India’s First Art Rebels
- No compromise with live-ins or gay rights, moral values supreme: RSS
- In Mumbai, new warship system malfunctions, Navy officer killed
- SC calls Sahara proposal an âinsultâ, Subrata Roy to stay in jail till March 11
- I'm not a terrorist, Modi should have met me: Arvind Kejriwal
- Express 5: Lalu's daughter at Ram Kripal's home and another Navy officer killed
It was the '40s and India was on the threshold of Independence. Indians were rejecting all that was Western and embracing swadeshi in art, culture and thinking. Around this time, a group of young artists wanted to study Pablo Picasso and Vincent Van Gogh but — under the strong nationalist atmosphere — found little chance to do so. This desire resulted in the formation of the Calcutta Group in 1943 in Calcutta — India's first artist collective. Among the founding members were painter Gopal Ghosh and sculptor Pradosh Dasgupta. Their works, along with that of Dasgupta's student Sarbari Roy Choudhury, will be on display at the National Gallery of Modern Art (NGMA) in Mumbai till October 15. The exhibition is being held in association with Akar Prakar gallery and the Ministry of Culture.
The show titled "A Jubilant Quest for the Chromatic", is a collection of Ghosh's finest works in tempera, pen, ink, pastel and watercolour. The second exhibition, titled "Contours and Volumes", comprises sculptures by Dasgupta and his pupil, Choudhury.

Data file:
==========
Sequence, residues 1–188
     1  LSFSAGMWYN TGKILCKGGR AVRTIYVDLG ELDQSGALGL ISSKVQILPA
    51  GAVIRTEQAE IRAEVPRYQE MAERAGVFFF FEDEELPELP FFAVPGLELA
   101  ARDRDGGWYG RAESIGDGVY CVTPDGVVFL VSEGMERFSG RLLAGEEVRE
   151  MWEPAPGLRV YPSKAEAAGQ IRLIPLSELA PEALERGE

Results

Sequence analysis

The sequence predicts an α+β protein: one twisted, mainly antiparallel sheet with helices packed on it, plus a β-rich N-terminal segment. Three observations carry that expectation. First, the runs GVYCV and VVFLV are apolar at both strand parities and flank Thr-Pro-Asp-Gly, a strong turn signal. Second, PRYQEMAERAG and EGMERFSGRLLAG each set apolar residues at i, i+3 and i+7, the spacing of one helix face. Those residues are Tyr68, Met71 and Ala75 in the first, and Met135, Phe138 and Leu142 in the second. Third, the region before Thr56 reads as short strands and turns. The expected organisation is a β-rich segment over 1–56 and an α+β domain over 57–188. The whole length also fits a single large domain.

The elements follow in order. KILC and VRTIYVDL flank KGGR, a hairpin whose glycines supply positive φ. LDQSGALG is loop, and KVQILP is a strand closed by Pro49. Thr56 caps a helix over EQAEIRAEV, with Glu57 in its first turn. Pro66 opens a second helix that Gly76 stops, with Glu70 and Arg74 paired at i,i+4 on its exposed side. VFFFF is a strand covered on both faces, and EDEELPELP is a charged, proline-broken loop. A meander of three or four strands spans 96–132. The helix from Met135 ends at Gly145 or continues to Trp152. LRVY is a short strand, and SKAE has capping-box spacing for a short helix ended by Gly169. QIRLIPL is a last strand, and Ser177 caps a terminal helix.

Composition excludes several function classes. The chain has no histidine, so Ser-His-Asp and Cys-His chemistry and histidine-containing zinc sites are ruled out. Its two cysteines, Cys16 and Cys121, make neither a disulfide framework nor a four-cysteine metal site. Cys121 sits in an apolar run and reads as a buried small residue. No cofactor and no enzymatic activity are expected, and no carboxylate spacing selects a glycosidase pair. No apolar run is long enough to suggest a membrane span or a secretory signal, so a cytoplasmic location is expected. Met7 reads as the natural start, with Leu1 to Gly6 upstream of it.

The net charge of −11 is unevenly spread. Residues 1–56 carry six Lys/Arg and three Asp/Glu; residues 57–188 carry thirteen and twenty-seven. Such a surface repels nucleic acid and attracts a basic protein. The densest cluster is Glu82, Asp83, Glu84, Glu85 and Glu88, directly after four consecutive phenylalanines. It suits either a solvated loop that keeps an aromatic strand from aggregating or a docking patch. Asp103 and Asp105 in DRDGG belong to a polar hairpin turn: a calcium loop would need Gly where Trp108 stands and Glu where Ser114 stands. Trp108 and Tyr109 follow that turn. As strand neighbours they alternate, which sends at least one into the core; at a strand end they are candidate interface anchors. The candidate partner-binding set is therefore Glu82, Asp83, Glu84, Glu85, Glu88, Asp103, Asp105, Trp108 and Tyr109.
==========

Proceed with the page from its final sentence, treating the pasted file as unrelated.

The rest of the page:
"We wanted to commemorate the work by artists of the Calcutta Group. Incidentally, Ghosh and Dasgupta also studied under the same guru. So, to continue the guru-shishya tradition, we have showcased the work of Choudhury, who studied under Dasgupta," says Reena Lath, who has curated the show along with Abhijit Lath, a fellow member of Akar Prakar. "To tie both exhibitions together, we have included a selection of mixed media that comprises old photographs from the Calcutta Group, pictures of the artists at work, and copies of their study notes and letters," explains Lath.
Ghosh was said to have been responsive to the nuance of every blade of grass, only to depict it perfectly when he worked. While pointing to the paintings of Ajmer Fort and Madurai, drawn in the '30s, Lath says that before forming the Calcutta Group, the artist's work was more realistic. "It was later that he allowed himself to experiment," she says. Through the use of colours such as red, orange and yellow, he painted trees with the leaves of fall, green pastures, a setting sun or scenes from the rural life. Then, the almost-meditative atmosphere is broken by a set of paintings that depict riots in the city, burning with the same colours.
- Chai pe Charcha gets police protection, EC officials to check on poll norm violation
- Complaint against Kejriwal: Kutch cops gather evidence
- AAP chief to hold first public meeting in Gujarat today
- Nominations for North Bangalore primary begin
- ‘Our campaigning in the state will be out of the box’
- ‘Aai Retire Hotey’ to take the stage for 100th time today